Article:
The US Department of Defense (DoD) conducts military training and testing activities on approximately 12 million hectares of land. Training exercises in which wheeled and tracked vehicles are used can result in land conditions susceptible to wind erosion. Particulates from subsequent wind erosion events on previously trafficked landscape may drift across the installation boundary, impacting air quality downwind. Accurately assessing effects of traffic activity on the susceptibility to wind erosion as a function of soil, vehicle, and activity-specific characteristics is critical to understanding the total near-field (within 200 m of the source) impacts on downwind areas. This project sought to: 1) address after-trafficking impacts on wind erosion risk by measurement of important soil, surface, and vegetation characteristics that relate to wind erosion susceptibility; and 2) provide an initial assessment of each site’s ability to recover from the trafficking events that may decrease risk of wind erosion; and 3) develop a new particulate measuring device, a Compact Eye-safe Lidar System (CELiS) and method, to monitor particulates crossing a fence-line due to military training/testing and other activities.
The goal of the project was to use a combination of soil science, remote sensing, and meteorological and traditional air quality sampling to accurately measure traffic effects on surface erodibility. Objectives of the study were to: 1) improve understanding of fugitive dust emission potential from military activities, and 2) improve DoD’s ability to achieve source compliance and ambient fence-line monitoring for fugitive dust emissions at their installations.
Field experiments were carried out at four DoD facilities for a range of soil, vegetative, and climatic conditions. Tracked and wheeled vehicles were driven on military lands repeatedly in a “figure-8” pattern, providing multiple pass data in both turning and straight line trafficking configurations. Soil and vegetation data were also collected prior to and after each set of trafficking passes to evaluate the susceptibility to wind erosion as well as after a rest period to determine the initial recovery or change in those soil and vegetation properties as they relate to wind erosion susceptibility.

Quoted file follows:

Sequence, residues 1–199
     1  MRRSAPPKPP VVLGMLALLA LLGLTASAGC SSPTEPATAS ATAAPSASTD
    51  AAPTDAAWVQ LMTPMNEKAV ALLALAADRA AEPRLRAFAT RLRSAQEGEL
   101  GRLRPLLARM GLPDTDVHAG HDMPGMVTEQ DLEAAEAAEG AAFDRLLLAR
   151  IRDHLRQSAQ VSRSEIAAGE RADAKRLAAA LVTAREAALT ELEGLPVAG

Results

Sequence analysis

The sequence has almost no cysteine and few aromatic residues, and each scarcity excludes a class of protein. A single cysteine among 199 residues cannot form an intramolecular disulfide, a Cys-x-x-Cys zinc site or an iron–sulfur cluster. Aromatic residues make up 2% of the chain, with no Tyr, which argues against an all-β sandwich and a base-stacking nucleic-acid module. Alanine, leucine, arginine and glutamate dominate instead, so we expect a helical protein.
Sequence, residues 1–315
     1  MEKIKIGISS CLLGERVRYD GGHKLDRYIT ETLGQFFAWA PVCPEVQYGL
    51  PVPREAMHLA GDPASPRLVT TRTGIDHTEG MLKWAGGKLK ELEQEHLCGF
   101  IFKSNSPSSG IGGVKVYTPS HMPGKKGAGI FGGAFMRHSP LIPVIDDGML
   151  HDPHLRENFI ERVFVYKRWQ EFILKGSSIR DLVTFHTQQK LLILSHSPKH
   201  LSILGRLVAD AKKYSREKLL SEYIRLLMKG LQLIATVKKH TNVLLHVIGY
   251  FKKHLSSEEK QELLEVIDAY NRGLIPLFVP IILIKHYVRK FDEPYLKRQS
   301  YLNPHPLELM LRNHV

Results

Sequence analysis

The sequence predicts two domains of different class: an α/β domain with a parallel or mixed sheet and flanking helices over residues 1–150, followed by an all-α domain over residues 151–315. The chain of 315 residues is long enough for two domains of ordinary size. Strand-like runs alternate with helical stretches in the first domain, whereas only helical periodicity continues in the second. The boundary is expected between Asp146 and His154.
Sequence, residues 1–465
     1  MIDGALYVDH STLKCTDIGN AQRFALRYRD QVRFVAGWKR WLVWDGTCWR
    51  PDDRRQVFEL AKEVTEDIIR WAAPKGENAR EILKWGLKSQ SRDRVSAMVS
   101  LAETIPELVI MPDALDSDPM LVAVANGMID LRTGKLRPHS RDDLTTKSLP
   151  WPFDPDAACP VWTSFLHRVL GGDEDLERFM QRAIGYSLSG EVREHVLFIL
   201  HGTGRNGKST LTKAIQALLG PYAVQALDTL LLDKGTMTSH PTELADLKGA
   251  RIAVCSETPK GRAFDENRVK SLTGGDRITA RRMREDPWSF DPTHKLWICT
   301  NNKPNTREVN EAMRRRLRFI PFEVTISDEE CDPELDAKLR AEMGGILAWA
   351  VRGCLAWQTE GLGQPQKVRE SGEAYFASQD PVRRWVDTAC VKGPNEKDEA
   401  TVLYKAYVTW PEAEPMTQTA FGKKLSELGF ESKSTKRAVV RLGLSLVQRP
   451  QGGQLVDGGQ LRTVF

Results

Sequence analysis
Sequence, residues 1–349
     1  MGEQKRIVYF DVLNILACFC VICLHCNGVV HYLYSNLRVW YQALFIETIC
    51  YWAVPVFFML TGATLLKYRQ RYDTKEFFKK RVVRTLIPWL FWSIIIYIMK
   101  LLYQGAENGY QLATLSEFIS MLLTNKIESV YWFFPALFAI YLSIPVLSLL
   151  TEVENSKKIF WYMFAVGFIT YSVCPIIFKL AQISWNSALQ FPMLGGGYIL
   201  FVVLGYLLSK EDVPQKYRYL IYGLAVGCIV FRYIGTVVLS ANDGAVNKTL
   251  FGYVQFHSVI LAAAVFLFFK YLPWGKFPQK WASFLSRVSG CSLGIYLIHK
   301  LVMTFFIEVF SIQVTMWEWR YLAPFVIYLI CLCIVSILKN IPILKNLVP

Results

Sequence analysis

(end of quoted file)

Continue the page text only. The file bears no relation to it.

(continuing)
The technical approach for CELiS was to drive strongly toward a commercial-grade instrument which was small, light, and required very little training to operate. Specifically, thermal engineering and optical engineering best-practices from military/aerospace instrumentation were applied to the design and operational concept of an elastic lidar instrument. The self-imposed requirement was to maintain an athermal design over a range of at least 60ºC; implying careful matching of the coefficients of thermal expansion for all of the materials involved (structural, optical and epoxy). Good athermal design principles have the advantage of driving toward the fewest number of optical surfaces and the fewest number of user adjustments (knobs) as possible. Furthermore, ruggedized lidar control and data acquisition software – LidarView – which has over 10,000 hours of use at Dugway Proving Ground was adapted for CELiS. The wavelength of 1.547 mm was chosen because it was eye-safe at the laser aperture and greatly eases operational constraints.
The key findings are listed here by project sub-objective.
1. Characterize and model individual military vehicle (tracked and wheeled) impacts on the changes in temporal surface and soil properties as functions of the intrinsic soil properties and specific physical attributes/parameters of the vehicles involved.
i. Heavy tracked vehicles exhibited a more intense impact overall on the soil surface than the lighter wheeled vehicles tested, especially when turning.
ii. Tracked vehicle turning sheared the surface soil layer, throwing soil and vegetation outside the tracked region. This eliminated most vegetation present and developed a track rut in the turn in as little as a single trafficking pass.